AIXI is a mathematical construct, the perfect agent that maximizes its utility function in a discrete world. Unfortunately there is no algorithm implementing it, therefore it's impossible to create in our world. It has another problem - the agent in AIXI model exists outside of the world, it's impossible for the agent to drop an anvil on its own circuits and make itself more stupid.

Modern reinforcement learning algorithms, which are the closest thing to general AI that we have, operate in similar fashion, they aren't part of the environment either. If a bot is learning how to balance on one leg, or play pong, or super mario, it can't modify itself or break its own brain.

My idea is to create environments where the bot can modify itself and break itself, so that people who want to research creation of strong AI can test solutions for the anvil problem. Here are examples of such environments:

  • A Linux operating system in a virtual machine, the bot is a program running on it. The goal is to control pong/mario/whatever and win by listening and responding on a tcp port. Or get superuser access, via invoking sudo or by finding a vulnerability. Or receive a programming problem via plaintext on a tcp port and respond with a Python program that solves it.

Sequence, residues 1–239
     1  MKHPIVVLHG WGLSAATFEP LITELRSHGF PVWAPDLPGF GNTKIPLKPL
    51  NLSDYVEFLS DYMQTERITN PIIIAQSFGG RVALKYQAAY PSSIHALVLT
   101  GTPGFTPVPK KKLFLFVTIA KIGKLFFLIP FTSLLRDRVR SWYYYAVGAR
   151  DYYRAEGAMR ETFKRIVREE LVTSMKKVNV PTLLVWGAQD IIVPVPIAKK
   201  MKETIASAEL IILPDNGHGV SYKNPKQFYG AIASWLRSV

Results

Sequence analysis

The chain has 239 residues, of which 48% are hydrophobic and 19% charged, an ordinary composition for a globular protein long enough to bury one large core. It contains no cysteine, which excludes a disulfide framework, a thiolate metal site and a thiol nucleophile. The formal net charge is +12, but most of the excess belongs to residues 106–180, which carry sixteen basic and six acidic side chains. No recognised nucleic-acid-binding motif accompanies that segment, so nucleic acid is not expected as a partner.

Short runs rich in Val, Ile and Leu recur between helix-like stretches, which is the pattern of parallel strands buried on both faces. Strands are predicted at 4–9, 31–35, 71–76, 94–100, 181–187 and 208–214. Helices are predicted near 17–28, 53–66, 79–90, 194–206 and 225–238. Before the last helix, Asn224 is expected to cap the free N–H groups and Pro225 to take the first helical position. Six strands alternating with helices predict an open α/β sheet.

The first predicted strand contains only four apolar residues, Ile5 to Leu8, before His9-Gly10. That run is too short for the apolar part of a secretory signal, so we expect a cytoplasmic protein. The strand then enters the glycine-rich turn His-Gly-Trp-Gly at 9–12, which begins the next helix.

• Same as the previous item, except there's an "antivirus" running in the system that kills random programs every second.
  • Gridworld, that is an environment consisting of n by m cells, and stuff happens in it. Some objects in the environment negate random bytes in bot's code or dynamic memory.
  • Same as the first item. The bot is gaining rewards based on how much RAM is free.
  • Atari Pacman, food pieces are marked with different colors and some colors slightly modify the bot's memory.

Feel free to post your thoughts and critique.


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Have you seen "AI Safety Gridworlds", Leike et al 2017?

I haven't, thanks.

Btw was your goal to show me the link or to learn whether I have seen it before? If the former, then I don't need to respond. If the latter, then you want my response I guess.

The "Whisky and Gold" environment is particularly relevant

It was partially to point out that you can get self-modification hazards with a substantially less complex setup than your proposal with a little hand-engineering of the agents; since none of the AI safety gridworld problems could be said to be rigorously solved, there's no need for more realistic self-modification environments.

I list some relevant discussions of the "anvil problem" etc. here. In particular, Soares and Fallenstein (2014) seem to have implemented an environment in which such problems can be modeled.